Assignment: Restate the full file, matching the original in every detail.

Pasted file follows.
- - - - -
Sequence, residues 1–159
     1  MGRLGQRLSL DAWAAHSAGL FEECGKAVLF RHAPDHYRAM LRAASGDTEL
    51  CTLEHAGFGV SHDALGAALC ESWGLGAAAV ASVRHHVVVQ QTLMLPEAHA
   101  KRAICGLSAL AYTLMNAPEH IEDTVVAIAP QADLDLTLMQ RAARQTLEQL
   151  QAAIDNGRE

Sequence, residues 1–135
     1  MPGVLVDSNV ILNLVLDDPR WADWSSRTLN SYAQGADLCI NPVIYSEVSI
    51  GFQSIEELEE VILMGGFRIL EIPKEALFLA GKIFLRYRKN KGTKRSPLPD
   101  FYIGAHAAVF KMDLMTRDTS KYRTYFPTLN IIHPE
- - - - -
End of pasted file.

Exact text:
Sequence, residues 1–159
     1  MGRLGQRLSL DAWAAHSAGL FEECGKAVLF RHAPDHYRAM LRAASGDTEL
    51  CTLEHAGFGV SHDALGAALC ESWGLGAAAV ASVRHHVVVQ QTLMLPEAHA
   101  KRAICGLSAL AYTLMNAPEH IEDTVVAIAP QADLDLTLMQ RAARQTLEQL
   151  QAAIDNGRE

Sequence, residues 1–135
     1  MPGVLVDSNV ILNLVLDDPR WADWSSRTLN SYAQGADLCI NPVIYSEVSI
    51  GFQSIEELEE VILMGGFRIL EIPKEALFLA GKIFLRYRKN KGTKRSPLPD
   101  FYIGAHAAVF KMDLMTRDTS KYRTYFPTLN IIHPE